According to Doc Childre[13] the physiological heart has its own complex independent nervous system which he refers to as “the brain in the heart”. Childre refers to a two-way communication system between heart and brain, whereby information is relayed back from the heart’s intrinsic ‘brain’ and nervous system to the brain in the cranium. Childre refers to Lacey’s findings, according to which the brain ‘obeys’ incoming messages from the heart, thus influencing a person’s behaviour through messages from the heart. This research has also shown that the heart generates the strongest electromagnetic field produced by the body, and that a loving intention results in an exchange of electromagnetic energy with healing effects between individuals. Positive emotions such as love, care and appreciation have also been shown to increase the synchronization between the heart, brain and body within an individual.[14]

These findings have important implications in the media context, both in terms of the question of to what degree journalists communicate in an intra-personally resourceful way, but also in terms of the messages they convey subconsciously to their audiences through this same mechanism.

The following sections will explore how applying the research results and empirical evidence from this new psychological field can be beneficial in the media context, both on the level of the internal communication within each individual journalist, as well as in terms of an emotionally intelligent approach to media work.

1.2. Emotional Trauma in Journalism – Evolving Perceptions

“…I was so much overcome by what I saw that I could not remain where the fight had been closest and deadliest. I longed to get away from it….It was now that the weight of the task I had accepted fell on my soul like lead.”

William Howard Russel [15]

This statement by Russel, the first ever acknowledged war correspondent, on his impressions of the first frontline combat situation he was covering is interesting in that it is the impression of a man who is not following any precedent or role model of other reporter’s standards of expectation: he simply relates his natural human response to what he experienced. After Russel began his career as a war correspondent in 1841 it was to take nearly a century before it became acknowledged that combat situations had a psychologically traumatizing effect on all parties involved.

Virginia Woolf’s 1925 novel Mrs Dalloway conveys a contemporary interpretation of the war-related traumatic stress effects in the post WWI era: Septimus Smith, an enlistee in WWI, had witnessed the death of a close friend and was “far from showing any emotion or recognizing that here was the end of a friendship, congratulated himself upon feeling very little and very reasonably. The War had taught him”.[16]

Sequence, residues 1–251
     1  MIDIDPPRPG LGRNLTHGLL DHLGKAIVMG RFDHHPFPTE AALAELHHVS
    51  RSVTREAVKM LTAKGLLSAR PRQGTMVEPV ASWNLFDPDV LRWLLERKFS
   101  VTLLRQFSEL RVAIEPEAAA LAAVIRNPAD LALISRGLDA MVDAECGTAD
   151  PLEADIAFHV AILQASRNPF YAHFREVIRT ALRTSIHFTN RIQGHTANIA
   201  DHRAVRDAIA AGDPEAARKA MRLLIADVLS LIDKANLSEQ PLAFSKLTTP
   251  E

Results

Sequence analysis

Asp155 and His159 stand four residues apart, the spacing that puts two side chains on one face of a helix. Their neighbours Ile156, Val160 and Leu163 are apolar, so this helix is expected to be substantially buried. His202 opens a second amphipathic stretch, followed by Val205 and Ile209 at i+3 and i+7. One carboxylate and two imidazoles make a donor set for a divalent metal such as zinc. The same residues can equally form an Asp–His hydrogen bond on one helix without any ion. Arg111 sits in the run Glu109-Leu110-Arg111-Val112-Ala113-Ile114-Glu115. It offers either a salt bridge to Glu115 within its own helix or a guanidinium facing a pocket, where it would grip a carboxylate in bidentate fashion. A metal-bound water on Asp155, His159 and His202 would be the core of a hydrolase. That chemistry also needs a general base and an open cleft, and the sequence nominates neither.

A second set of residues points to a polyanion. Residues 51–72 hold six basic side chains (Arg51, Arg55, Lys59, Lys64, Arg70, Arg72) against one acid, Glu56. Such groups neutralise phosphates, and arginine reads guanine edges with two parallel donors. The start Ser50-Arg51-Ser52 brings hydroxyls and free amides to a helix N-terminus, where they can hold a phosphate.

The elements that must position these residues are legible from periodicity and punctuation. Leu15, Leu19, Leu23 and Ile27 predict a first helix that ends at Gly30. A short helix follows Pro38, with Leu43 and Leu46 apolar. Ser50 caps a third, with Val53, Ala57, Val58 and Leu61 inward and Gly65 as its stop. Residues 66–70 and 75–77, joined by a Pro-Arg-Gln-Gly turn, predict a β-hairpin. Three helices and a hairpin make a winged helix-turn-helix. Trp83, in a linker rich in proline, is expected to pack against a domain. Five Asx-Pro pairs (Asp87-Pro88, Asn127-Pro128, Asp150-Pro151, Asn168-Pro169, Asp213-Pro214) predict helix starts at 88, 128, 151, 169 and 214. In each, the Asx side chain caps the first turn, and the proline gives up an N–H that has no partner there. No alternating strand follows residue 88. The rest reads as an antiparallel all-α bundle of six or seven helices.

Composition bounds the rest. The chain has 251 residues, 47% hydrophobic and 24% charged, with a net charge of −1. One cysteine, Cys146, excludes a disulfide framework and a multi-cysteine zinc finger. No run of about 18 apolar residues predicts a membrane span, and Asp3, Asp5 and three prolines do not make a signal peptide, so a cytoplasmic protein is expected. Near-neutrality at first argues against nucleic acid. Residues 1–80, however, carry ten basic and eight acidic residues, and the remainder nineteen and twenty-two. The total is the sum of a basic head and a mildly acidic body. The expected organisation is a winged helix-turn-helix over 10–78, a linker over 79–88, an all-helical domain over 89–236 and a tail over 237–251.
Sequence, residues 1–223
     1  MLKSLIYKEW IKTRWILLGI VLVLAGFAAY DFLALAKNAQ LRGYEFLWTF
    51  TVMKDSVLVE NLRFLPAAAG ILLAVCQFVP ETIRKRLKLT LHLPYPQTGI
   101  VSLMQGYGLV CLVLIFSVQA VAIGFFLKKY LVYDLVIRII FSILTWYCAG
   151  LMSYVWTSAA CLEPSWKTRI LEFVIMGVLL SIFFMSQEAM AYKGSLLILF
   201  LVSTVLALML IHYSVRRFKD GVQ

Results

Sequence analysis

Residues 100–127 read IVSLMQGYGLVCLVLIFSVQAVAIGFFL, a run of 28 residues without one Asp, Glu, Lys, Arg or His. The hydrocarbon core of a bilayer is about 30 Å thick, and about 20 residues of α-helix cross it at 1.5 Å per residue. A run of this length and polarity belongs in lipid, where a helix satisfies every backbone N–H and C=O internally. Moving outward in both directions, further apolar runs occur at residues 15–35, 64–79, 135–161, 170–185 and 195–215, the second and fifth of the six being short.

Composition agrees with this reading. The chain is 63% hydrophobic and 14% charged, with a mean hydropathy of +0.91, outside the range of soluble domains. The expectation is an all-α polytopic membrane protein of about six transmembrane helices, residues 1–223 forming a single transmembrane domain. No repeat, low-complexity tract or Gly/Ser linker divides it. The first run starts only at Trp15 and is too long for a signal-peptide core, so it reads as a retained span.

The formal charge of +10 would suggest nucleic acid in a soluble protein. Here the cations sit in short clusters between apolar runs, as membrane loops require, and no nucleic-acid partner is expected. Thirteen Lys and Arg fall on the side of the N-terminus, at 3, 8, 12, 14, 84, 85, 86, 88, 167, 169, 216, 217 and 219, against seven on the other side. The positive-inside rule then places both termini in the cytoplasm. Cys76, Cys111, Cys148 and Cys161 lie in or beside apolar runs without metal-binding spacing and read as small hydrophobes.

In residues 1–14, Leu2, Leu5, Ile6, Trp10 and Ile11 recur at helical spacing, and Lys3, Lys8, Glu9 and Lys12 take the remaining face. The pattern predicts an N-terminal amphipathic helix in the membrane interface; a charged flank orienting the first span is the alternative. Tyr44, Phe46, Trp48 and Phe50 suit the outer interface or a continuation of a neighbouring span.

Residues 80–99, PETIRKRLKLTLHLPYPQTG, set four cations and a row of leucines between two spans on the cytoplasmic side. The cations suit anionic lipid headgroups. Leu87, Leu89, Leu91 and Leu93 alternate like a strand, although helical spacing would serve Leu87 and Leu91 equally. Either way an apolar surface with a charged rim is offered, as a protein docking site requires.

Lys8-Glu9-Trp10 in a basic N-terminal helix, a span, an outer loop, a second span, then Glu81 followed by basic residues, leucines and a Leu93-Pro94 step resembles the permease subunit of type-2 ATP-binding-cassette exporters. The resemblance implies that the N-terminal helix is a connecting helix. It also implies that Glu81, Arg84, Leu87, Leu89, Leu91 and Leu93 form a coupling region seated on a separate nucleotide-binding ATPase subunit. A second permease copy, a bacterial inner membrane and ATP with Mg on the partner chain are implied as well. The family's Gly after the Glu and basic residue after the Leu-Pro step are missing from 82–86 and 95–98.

When the symptoms of, what today is called, Post Traumatic Stress Disorder (PTSD) were witnessed during WWI, they used to be referred to as ‘war neurosis’, ‘war shock’, or ‘shell shock’, or were often dismissed as a ‘malady of the will’ and interpreted as an unconscious attempt to escape from combat duty. Army doctors would sometimes administer surprise electric shock treatment, often with the person naked to enhance feelings of helplessness and dependence, and with the intention of returning the sufferers to the front at the earliest opportunity.[17]

By today’s definition, a diagnosis of PTSD requires an extreme traumatic stressor involving direct personal experience of an event that involves actual or threatened death or serious injury, or other threats to one’s physical integrity; or witnessing an event that involves death, injury, or a threat to the physical integrity of another person, or learning about unexpected or violent death, serious harm, or threat of death or injury experienced by a family member or close associate.[18]

Gordon Turnbull, a psychiatrist specializing in trauma treatment says that even today there still is a high degree of denial present in regard to PTSD as an actual condition and cites an article in a prominent British newspaper proclaiming that there was an exaggerated tendency to diagnose PTSD in traumatized Vietnam war veterans in the US; a claim which he considers completely unjustified.[19] Individuals in different contexts have also been accused of exaggerating traumatic stress symptoms in the hope for any secondary gains; these could include compensation payments or an avoidance of combat situations.

In spite of some examples of such attitudes persisting until today, generally speaking, the cultural perceptions and interpretations of war related trauma affecting combatants or any other individuals have dramatically changed over the last few decades. The improving insights into the effects of psychological trauma on the structural and biochemical workings of the human brain have been assisting the gradual departure from the earlier accusations. Today, traumatized individuals are less often confronted with assumptions about motives of malingering or ill-will than was previously the case. Based on a large amount of neurobiological research, the effects of trauma on the level of the brain are being increasingly appreciated in the medical and psychological professions.

Anatomically speaking, the neo-cortex (the outermost layer of the brain) is the most recent addition in the course of the brain’s evolution: it is in charge of the capacity for thinking, reflection and compassion and is also informed through emotional input from the heart as described above.